Back to school!


06 September 2022
There’s always something new for writers to learn. Here’s advice to help you get the best results

It’s back to school time! And whether you’ve got school students in your family or your own schooldays are long behind you, the beginning of September always has that exciting ‘returning to learning’ feeling.

This is a time of year when we traditionally embark on learning something new – because as writers, there’s always something new to learn. Whether it’s brushing up on the basics or thinking about new skills we’d like to have in our toolbox, the idea of going ‘back to school’ is something all writers can relate to.

But what to study next? For many of us, this needs careful consideration. We all want to get the best value possible for our increasingly squeezed resources, in terms of both money and experience. For instance, is it worth spending on an MA when what you actually want to improve is writing supernatural stories? Would you be happier learning at your own pace, via distance learning, or do you want a more structured classroom regime? Are there specific areas that you’d like to target – for instance, concentrating on particular skills in a targeted workshop or webinar? There are so many options that we need to weigh up carefully how we’re going to allocate our precious resources of time (and money!) in order to get the most benefit from our next learning experience.

With so many options to explore, from webinar to full-time study, here are a few things to bear in mind:

1)    What do you want to learn?

Firstly, and most importantly, consider your learning priorities. If you’re a beginner, or starting to explore your writing, rather than committing to a long course, you might want to consider trying out a couple of short courses or workshops in areas that appeal to you, which would give you a taste and allow you to discover what you most enjoy writing and where your skills lie. If you want to concentrate on a specific area, ie, poetry, look at courses, classes and workshops from poetry specialists. If you’re at a stage where you can afford to dedicate a lot of time, money and energy to full-time study, then it makes sense to research longer courses – intensives from specialist writing organisations, postgraduate university courses etc.

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2)    What’s going to benefit you most?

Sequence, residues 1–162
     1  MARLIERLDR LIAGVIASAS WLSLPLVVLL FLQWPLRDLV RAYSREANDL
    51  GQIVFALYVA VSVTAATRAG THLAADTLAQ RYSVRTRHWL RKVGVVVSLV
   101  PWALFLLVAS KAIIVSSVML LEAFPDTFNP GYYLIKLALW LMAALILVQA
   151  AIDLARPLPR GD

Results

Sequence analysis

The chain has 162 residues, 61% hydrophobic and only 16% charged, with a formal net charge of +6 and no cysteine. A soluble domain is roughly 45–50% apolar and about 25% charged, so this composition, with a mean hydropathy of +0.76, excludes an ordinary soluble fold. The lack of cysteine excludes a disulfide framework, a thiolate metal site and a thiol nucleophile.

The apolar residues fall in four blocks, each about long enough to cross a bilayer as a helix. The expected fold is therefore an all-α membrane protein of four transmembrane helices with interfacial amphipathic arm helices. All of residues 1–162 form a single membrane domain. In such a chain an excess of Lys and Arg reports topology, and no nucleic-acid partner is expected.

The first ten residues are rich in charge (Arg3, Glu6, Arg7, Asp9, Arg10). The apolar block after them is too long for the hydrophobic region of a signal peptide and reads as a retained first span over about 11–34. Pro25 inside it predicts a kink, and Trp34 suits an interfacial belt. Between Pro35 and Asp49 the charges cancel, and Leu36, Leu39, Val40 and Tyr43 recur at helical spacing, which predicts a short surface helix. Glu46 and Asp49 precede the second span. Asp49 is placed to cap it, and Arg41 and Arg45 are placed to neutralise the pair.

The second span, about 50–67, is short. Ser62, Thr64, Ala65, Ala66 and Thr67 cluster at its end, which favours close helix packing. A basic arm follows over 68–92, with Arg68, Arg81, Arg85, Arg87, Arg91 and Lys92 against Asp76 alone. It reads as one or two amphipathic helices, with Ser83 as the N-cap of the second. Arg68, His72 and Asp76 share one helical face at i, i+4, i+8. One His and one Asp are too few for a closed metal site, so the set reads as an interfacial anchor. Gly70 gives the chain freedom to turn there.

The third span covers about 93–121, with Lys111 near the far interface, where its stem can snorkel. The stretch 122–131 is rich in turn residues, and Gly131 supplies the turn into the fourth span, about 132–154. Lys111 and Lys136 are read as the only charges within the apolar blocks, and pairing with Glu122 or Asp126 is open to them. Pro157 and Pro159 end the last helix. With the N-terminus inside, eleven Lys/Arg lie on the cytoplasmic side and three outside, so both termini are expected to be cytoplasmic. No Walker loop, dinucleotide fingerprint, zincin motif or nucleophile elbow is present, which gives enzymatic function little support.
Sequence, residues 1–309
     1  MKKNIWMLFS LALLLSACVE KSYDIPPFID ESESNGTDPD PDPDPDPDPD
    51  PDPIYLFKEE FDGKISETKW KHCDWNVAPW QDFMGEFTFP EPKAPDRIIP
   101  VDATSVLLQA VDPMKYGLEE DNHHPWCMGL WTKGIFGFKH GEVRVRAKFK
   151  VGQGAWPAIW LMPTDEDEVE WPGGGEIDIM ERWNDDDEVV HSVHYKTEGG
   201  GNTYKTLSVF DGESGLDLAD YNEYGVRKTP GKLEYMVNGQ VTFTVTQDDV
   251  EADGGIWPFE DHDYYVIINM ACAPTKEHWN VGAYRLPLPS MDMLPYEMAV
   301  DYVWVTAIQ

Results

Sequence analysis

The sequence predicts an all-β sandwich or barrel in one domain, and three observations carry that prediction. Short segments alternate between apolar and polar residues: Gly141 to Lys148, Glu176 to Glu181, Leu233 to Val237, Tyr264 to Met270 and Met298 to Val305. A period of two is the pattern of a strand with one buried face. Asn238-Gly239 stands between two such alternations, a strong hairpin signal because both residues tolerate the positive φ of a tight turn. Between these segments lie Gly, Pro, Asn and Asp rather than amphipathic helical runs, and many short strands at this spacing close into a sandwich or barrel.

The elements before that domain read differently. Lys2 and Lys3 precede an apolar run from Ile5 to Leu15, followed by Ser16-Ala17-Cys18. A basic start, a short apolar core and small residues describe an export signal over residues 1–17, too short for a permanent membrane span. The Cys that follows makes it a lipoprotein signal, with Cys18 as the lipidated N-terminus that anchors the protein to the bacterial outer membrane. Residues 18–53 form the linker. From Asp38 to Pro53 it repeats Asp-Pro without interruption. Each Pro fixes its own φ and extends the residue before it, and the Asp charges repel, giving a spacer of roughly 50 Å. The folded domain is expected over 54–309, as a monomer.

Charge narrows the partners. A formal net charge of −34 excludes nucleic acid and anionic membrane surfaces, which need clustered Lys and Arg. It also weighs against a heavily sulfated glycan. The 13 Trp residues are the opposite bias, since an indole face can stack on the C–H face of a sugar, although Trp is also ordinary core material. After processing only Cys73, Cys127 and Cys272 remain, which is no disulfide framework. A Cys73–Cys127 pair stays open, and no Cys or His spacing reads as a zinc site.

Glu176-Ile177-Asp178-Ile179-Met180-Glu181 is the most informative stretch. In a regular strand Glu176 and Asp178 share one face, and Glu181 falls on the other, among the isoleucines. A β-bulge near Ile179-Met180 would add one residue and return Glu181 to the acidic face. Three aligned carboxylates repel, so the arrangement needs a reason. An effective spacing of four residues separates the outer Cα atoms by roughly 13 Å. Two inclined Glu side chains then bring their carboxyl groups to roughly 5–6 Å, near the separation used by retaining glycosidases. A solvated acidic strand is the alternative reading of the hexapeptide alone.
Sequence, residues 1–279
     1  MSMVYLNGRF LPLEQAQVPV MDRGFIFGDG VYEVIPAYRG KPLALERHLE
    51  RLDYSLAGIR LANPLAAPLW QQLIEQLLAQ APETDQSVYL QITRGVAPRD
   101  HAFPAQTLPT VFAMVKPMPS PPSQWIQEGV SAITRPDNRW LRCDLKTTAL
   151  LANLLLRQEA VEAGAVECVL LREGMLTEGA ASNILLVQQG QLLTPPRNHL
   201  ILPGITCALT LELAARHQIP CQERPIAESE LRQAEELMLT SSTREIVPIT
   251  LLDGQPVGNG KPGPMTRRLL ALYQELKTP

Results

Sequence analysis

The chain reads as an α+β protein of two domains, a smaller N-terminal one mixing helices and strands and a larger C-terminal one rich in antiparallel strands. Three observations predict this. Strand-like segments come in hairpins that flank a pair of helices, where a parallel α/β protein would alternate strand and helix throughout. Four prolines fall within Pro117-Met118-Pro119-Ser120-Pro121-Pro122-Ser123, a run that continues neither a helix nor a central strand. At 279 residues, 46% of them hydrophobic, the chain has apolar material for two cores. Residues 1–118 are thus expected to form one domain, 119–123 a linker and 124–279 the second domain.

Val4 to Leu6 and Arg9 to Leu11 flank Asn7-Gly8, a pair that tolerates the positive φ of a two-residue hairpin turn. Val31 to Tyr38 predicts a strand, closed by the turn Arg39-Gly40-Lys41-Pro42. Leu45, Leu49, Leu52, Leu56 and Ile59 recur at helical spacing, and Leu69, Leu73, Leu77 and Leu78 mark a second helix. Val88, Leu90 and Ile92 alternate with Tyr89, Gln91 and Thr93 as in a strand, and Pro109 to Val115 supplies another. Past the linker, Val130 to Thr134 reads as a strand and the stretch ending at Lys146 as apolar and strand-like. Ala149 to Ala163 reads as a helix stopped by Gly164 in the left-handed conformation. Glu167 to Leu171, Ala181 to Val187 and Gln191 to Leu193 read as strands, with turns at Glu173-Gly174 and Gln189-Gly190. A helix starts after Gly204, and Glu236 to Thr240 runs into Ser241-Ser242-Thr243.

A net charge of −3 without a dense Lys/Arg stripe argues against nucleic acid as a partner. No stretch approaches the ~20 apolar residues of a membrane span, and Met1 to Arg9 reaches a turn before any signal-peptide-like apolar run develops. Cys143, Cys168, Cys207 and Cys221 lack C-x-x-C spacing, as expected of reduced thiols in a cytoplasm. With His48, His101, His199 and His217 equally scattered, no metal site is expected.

Target what you invest in according to your specific requirements. If you’re interested in a particular area, ie historical fiction, crime writing, it makes sense to search out learning led by experts in that area – look out for names you trust, and book accordingly. If you want to improve your skills in a particular area, look for courses or classes that enable you to do that, from short story writing to how to craft a submission package.

3)    What’s the best learning experience for you?

Part-time study is more likely to fit into our busy lifestyles than a full-time course. But not everyone has the time or resources to commit to full-time, or even regular part-time study. Distance learning, that you can do at your own pace, is a great choice that can be worked into busy lifestyles. And many of us benefit greatly from one-off, occasional workshops and webinars that don’t require committing to a regular time.

4)    What learning environment would suit you best?

Are you a person who works well in a classroom environment? In a formal set-up with a tutor? In a workshop where the participants are learning from each other as well as the workshop leader? In a more relaxed place, at home or abroad, where there’s a holiday vibe? A designated week like the summer school at Swanwick? Or do you prefer to learn in your own home? Would you prefer a weekly class in your local area, or are you prepared to travel to a major town or city to take part in writing courses or classes with particular appeal for you, or to be able to study with a particular writing teacher? All of these things need to be considered as you research your next writing class or course.

5)    What do you want your learning outcome to be?

Do you want to end up with a complete novel manuscript? The experience of trying a new form or genre? Honing your skills in your particular area of interest? To complete a short story in a weekend? To make industry connections? Being provided with a structure within which to create new work? To rejuvenate your creative spark? All of these, and more, are wonderful reasons to sign up for a class, workshop or course – as long as you’ve done the homework to give you the best chance of getting the result you want.

At Writers Online, we’re big believers that there’s no such thing as a one-size-fits-all approach to learning. Writers are individuals and the process of improving your creative skills should reflect that – which is why we not only have an extensive series of Creative Writing Courses for writers who want one-to one tuition, but also a packed programme of online webinars. For lovers of spooky and supernatural specfic, the forthcoming Winter Haunts is our most ambitious offering yet – a virtual conference on 6 November with some of the biggest names in horror. And looking ahead to 2023, watch out for Writing Magazine’s 2023 guide to festivals and courses, with details of writing courses and workshops in the coming year – and hopefully a return of the Writers’ Lunch Club, our occasional Writers Online workshop series that got off to a great start earlier in 2022!

To see the full range of creative writing courses, and book your place, click here

Hoping to book on to a workshop? Here are five ways in which writers can benefit from attending a writing workshop.